That being said I do appreciate you giving this a second thought and I'm looking forward to next week.


  • administrators

    A lot of open source discussion here and there with my Pycom team. I think we have now exciting news for all the open source enthusiasts. We are just getting the details sorted and we'll announce everything next week. Please be patient and sit tight people.

    Cheers,
    Daniel


  • Global Moderator

    In case anyone else wants to give this a try I did this enough times now to be comfortable this is working properly. Download this tool which contains esptool.py and connect a cable jumper between GND and P2 (G23 on the expansion board). Replace COM24 with your COM port number (check device manager).

    To backup the LoPy Micropython firmware run:

    esptool.py --chip esp32 --port COM24 --baud 115200 read_flash 0 4194304 lopy_firmware.bin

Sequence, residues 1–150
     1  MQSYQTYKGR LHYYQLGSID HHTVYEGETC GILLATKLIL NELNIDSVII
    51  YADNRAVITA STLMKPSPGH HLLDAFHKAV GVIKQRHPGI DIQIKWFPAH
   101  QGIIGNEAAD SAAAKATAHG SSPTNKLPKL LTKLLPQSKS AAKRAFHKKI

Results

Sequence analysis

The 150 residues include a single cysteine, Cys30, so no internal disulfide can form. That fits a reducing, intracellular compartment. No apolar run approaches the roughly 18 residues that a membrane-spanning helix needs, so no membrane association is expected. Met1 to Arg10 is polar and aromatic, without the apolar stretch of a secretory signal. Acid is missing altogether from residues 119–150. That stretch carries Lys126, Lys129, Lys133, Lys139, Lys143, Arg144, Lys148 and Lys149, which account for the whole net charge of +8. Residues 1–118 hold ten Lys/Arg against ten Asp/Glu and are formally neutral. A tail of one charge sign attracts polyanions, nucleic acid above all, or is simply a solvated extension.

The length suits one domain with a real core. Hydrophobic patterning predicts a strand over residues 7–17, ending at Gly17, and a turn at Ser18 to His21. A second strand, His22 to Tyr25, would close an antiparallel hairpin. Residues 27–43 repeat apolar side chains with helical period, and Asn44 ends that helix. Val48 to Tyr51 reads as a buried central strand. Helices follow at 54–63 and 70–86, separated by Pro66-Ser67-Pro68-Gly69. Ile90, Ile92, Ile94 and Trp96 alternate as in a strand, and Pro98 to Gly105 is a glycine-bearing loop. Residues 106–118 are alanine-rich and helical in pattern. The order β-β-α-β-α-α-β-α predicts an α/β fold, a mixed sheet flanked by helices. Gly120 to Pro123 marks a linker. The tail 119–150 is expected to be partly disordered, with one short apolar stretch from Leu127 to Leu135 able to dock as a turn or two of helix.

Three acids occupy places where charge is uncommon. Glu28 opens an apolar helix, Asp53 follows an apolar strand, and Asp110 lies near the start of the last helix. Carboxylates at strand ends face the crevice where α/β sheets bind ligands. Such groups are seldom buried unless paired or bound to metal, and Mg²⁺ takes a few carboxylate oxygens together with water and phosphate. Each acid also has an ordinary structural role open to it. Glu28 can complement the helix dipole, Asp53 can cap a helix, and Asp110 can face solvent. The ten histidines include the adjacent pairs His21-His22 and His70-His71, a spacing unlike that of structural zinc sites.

To restore the LoPy Micropython firmware run:

    esptool.py --chip esp32 --port COM24 --baud 1115200 write_flash 0 lopy_firmware.bin -ff 80m -fs 4MB -z

    Under Linux replace COM24 with /dev/ttyUSBx (x=your serial usb com port number, usually 0 if it's the only USB serial device).

    There is an error message at the end of the restore process:

    A fatal error occurred: Timed out waiting for packet content

    You can ignore this error.

    I'm not taking any responsibility if you brick your LoPy or loose your MAC address which is stored in flash. It's a good idea to write down the MAC address of your LoPy in case something goes wrong.

    P.S. One thing I noticed is that when I use the ESP32 SDK directly I can't get a Wifi signal unless I connect an external antenna. I'm guessing I need to set a pin on the esp32 to either choose internal or external antenna. But without any schematics that's hard to guess.


  • Global Moderator

    Well the good news is that I managed to dump the Lopy firmware so I can erase the flash, experiment with the ESP32 SDK and come back to the MicroPython firmware at any moment.

    If you don't want to release the schematics then at least a block diagram would be nice to see how everything inside is connected and which pins are what on the header.